It seems like he's been waiting for this question forever, at least since he started working with her three years ago, but he's still never managed to figure out what he should say.

"No," he says, because he thinks he should. And then, "Yes," because it's the truth. He can't stay here forever in this in-between world of loving her and not having her.

"I thought you would be glad that I'm not going to be writing about you anymore."

She seems startled by this, but she's heard worse, heard about death, and had to recover quickly, so she does again. She's spent her whole life learning to deal with pain and loss and darkness, and has trained herself to do it so well that she can make it seem beautiful.

"I never wanted your words, Castle." Her tone is sharp and bitter. "All you do is string them together and make them sound beautiful."

She slides off the barstool, a whirl of black and the disappearing flicker of sharp, sparkling things.

"What did you want?" he asks.

She turns to him only before leaving. "I wanted you."

The pounding on the door begins at 330am. She's still up, can't sleep and isn't surprised, and thinks it could be Mrs. McKinnon from down the hall who has been coming to her every time her tv set goes out. She's the police, but there are certain things even she can't fix, and technological glitches, coffee machines, and broken hearts top the list.

She opens the door slowly, by habit, with her gun in her hand.

He stands there as certainly as she's ever seen him, his eyes steely-blue.

"No words," Castle tells her as he comes towards her and kisses her like he's always wanted to, without hesitation, without reservation. He takes her against him and the fabric of their clothes, his jacket, her shirt, rush against each other. They stick.

They've been through a lot together, two books, a movie, countless cases and convictions, a few late orders of take-out, a couple parties and stakeouts, one blown up apartment, and misunderstandings and unrequited looks galore. But now, despite it all, they're both here, together, and they're wrapped into one another as if this is the way it should have been all along.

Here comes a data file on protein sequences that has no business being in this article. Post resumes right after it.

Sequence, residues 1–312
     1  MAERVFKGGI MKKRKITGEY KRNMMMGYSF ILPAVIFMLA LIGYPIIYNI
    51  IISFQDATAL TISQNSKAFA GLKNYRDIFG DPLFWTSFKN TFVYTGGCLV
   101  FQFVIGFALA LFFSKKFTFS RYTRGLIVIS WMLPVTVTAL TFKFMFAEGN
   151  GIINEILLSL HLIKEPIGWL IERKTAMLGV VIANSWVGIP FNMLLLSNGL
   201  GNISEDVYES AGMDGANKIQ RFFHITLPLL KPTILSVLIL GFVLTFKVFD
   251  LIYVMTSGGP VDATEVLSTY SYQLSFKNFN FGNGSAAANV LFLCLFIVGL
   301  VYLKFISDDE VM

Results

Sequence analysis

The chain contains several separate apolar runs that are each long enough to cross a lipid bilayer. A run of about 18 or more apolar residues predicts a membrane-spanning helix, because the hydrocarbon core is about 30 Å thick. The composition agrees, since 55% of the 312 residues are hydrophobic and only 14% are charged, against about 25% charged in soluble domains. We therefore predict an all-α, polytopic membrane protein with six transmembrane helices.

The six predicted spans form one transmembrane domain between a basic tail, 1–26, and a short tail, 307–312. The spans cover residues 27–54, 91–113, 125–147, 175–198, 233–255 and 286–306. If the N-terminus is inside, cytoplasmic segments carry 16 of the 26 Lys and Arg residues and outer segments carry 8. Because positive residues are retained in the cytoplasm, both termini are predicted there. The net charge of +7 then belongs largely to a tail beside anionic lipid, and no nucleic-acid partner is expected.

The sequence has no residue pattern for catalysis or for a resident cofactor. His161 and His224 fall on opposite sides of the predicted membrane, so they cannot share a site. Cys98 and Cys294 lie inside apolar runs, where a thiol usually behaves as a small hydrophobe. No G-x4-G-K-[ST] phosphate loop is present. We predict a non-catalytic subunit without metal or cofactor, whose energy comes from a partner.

"Castle – " There's a question in her voice somewhere, as if she wants to make sure he's certain.

"No words," he whispers again, and all he hears is the drawn-out mesh of her breath as his hands slip beneath the soft cotton of her shirt. She puts down the gun.

She's like concrete, something so certain and so strong, something so apt to crumble and disintegrate with the right stress, to buckle at the touch of certain pressure. Underneath it all, she's fragile, he knows it, and sometimes he doesn't remember it quickly enough.

She tastes like mint, a little like toothpaste or chapstick, and they kiss until they have no breath left. Her lips are wet, her eyes dark, as she takes him into her bedroom and for just a second, they stand looking at each other, wondering if this is really happening, finally. Then she reaches for him, pulls the bespoke white jacket from his shoulders, fitted and tailored in all the right places. She lets it fall to the floor and she can smell the red rosebud, just beginning to wilt, pinned to his perfect lapel.

She pulls the silk tie from around his neck, and then she undoes the buttons of his shirt, one by one, stripping him layer by layer until he's bare, recognizable again, familiar. Then he does the same for her, and they kick off the rest of their clothes as if they could shed their very selves. And maybe they do, maybe they become human, only two people who need each other. It could be that simple, if only they let it be.

His fingers are warm on her skin, as he touches the long gold necklace looped around her neck. He's only seen it close but once or twice, and now he can see where there are kinks in the metalwork, the worn links that have been pulled out of shape, the circlet of gold that is her mother's ring at the bottom. He traces the entire length of the chain against her skin, the soft bend of her neck where the ends of her hair are, the hard ridges of her collarbones, ends at the fullness of her breasts. He doesn't need words for this, wouldn't even know what to say, but when he pulls the weight from her and sets it carefully on the dresser near her father's watch, her eyes tell him everything he needs to know.